In 2004 our researchers examined the remains of a vessel reported by divers Craig Allen (in 2004) and Dan Carpenter (in 2000). One dive was undertaken on the site to identify and preliminarily document the wreck. It lies in shallow water (7 to 8ft [2.1 to 2.4m]) on a sandy bottom near Ausable Point. Conditions during the examination were poor with 2 to 3ft (61 to 91cm) seas and underwater visibility of approximately 5ft (1.5m). The overall remains are 64ft 5in (19.6m) in length with a maximum beam of 19ft 6in (5.9m) which was recorded 27ft (8.2m) aft of the bow. The remains consist only of the bottom of the hull up to the turn of the bilge. The estimated original dimensions of the boat are approximately 23ft (7m) in beam and 80ft (24.4m) in length. The boat’s shallow water location and the associated ice damage accounts for the relatively poor condition of the site.
Preliminary archaeological drawing of the Ausable Point Shipwreck. Drawn by Adam Kane, inked by Chris Sabick, LCMM Collection
The vessel has a transversely planked scow-shaped bow. The structure of the bow consists of longitudinally oriented stringers and transverse ceiling. The bow is 16ft 2in (4.9m) in beam. At 12ft (3.7m) aft of the forward most extent of the wreck the building method transitions from scow construction to a more traditional plank-on-frame technique. The hull appears to be flat-bottomed, although nearly the entire interior was obscured by sediments. The ceiling and planking are oriented longitudinally. The dominant feature of the interior of the hull is a substantial keelson, approximately 1ft (30.5cm) moulded and sided. Although flat-bottomed, the transition from the bottom to the sides appears to be rounded; no evidence of a chine log was noted.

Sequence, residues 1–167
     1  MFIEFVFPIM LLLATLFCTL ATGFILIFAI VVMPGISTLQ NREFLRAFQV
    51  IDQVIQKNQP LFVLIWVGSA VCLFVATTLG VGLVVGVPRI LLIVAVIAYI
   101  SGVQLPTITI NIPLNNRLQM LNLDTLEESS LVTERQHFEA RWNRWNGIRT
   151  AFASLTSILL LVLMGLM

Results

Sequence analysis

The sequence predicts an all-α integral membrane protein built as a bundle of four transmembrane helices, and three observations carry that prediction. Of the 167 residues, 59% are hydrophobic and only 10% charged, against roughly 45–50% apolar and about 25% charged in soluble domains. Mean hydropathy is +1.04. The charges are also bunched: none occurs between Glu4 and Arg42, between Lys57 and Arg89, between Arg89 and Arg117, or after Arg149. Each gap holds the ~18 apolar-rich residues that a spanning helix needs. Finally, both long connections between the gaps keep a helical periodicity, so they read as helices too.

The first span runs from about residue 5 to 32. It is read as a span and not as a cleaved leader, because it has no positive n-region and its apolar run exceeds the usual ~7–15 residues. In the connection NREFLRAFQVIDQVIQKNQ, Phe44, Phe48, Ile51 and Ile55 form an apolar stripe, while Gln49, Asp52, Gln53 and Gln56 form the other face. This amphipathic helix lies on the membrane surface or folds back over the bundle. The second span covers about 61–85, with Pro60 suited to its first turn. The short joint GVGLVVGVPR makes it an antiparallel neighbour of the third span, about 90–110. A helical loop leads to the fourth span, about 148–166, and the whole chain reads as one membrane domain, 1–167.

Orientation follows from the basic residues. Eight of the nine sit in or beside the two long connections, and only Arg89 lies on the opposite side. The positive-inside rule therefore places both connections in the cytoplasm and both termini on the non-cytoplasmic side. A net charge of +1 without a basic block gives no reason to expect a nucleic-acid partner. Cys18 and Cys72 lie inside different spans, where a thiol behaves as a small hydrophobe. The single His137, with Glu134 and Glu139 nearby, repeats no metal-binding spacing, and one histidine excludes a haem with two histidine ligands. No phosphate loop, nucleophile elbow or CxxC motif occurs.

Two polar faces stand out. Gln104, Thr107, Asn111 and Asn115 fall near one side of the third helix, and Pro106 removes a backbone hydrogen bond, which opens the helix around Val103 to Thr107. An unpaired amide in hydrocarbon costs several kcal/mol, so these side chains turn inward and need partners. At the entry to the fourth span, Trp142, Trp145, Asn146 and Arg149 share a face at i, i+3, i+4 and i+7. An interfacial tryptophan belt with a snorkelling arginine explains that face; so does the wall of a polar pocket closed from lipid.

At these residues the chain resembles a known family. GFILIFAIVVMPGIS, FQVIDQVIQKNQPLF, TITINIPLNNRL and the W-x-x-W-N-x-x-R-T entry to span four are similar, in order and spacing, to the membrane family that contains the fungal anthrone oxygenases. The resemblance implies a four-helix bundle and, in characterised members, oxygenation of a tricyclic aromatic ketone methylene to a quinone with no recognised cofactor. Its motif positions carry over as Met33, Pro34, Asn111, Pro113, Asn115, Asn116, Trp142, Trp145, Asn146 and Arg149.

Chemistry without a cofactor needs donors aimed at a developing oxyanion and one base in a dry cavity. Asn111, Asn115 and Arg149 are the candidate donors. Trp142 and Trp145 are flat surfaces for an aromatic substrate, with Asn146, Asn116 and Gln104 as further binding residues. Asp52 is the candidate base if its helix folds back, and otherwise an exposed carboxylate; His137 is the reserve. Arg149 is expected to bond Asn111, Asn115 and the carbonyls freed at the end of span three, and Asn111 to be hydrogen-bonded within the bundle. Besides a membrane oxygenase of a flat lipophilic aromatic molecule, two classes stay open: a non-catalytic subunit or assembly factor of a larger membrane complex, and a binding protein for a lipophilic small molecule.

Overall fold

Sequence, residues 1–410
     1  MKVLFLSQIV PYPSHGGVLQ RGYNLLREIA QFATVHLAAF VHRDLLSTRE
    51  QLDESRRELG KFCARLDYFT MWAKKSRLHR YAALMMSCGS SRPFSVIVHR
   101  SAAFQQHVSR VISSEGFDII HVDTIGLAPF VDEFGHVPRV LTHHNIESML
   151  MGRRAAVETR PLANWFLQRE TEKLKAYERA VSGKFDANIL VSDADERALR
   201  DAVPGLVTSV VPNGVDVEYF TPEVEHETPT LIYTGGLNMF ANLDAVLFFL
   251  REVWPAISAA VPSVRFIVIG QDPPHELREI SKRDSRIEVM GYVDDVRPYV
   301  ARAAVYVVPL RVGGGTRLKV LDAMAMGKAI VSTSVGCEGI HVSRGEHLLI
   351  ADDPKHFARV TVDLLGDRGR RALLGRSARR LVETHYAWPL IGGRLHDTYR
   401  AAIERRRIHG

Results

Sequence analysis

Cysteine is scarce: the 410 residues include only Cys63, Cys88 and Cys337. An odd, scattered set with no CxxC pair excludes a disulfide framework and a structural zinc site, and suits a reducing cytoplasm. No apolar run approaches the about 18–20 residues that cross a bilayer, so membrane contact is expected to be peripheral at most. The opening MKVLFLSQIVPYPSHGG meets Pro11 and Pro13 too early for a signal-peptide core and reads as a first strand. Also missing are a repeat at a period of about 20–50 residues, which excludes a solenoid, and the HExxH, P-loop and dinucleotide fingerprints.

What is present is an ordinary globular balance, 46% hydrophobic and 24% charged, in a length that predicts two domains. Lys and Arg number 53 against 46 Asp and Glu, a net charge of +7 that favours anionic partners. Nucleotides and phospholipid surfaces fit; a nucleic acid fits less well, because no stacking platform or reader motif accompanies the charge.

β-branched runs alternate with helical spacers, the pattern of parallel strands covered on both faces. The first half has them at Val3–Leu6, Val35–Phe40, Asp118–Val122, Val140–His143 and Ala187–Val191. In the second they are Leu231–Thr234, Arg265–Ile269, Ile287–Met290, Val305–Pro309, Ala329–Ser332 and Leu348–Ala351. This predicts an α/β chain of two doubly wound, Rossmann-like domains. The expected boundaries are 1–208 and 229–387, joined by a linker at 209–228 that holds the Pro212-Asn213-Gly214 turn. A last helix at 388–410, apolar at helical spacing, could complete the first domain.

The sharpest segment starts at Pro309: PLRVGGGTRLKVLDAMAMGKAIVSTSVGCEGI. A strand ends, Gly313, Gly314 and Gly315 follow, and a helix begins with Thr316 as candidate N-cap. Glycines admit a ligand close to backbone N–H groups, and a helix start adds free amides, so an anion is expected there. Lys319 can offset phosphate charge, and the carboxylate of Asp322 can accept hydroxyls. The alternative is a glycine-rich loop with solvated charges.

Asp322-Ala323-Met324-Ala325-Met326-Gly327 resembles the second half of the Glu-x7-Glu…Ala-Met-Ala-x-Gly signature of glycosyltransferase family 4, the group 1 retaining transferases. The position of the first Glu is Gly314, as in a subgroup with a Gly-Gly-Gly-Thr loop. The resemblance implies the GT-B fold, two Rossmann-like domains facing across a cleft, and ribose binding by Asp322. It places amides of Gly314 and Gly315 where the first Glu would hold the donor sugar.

Moving aft the hull gradually tapers until it ends abruptly at the squared off stern of the boat. The stern is framed by a stern knee and a series of cant frames. The transverse stern planking is similar to transom planking, but given its location so near the bottom of the hull it is unusual. The sternpost is located entirely outside of the hull, fastened to the stern planking and the stern knee.
Artifacts were not observed inside the hull, with the exception of numerous fasteners. These consisted of both wrought and cut nails. In one area of the bow several wire nails (c. 1910) were used to hold a piece of ceiling in place. This may represent a later repair giving a relative date to the sinking/abandonment of the boat. No attempt was made during the inspection to examine the bottom around the wreck for other boat remains. However, other divers have noted a large debris field surrounding the wreck.
The construction of the Ausable Wreck is unlike any other known shipwreck in Lake Champlain. Our researchers have preliminarily identified it as a Canadian lumber boat, known as a pin plat. Its preliminary identification as a pin plat is based on: 1) the scow bow; 2) the low transom; 3) the narrow tapered stern; and 4) the beam which is too large for any Champlain canal boat, but consistent with that of a pin plat (23ft [7m]). The boat’s length is short for a pin plat; even at an original length of approximately 80ft (24.4m) the length is less than the 108ft (32.9m) allowed by the Chambly Canal locks in Quebec.
Adam I. Kane, A. Peter Barranco, Joanne M. DellaSalla, Sarah E. Lyman and Christopher R. Sabick, Lake Champlain Underwater Cultural Resources Survey, Volume VIII: 2003 Results and Volume IX: 2004 Results. Lake Champlain Maritime Museum, 2007.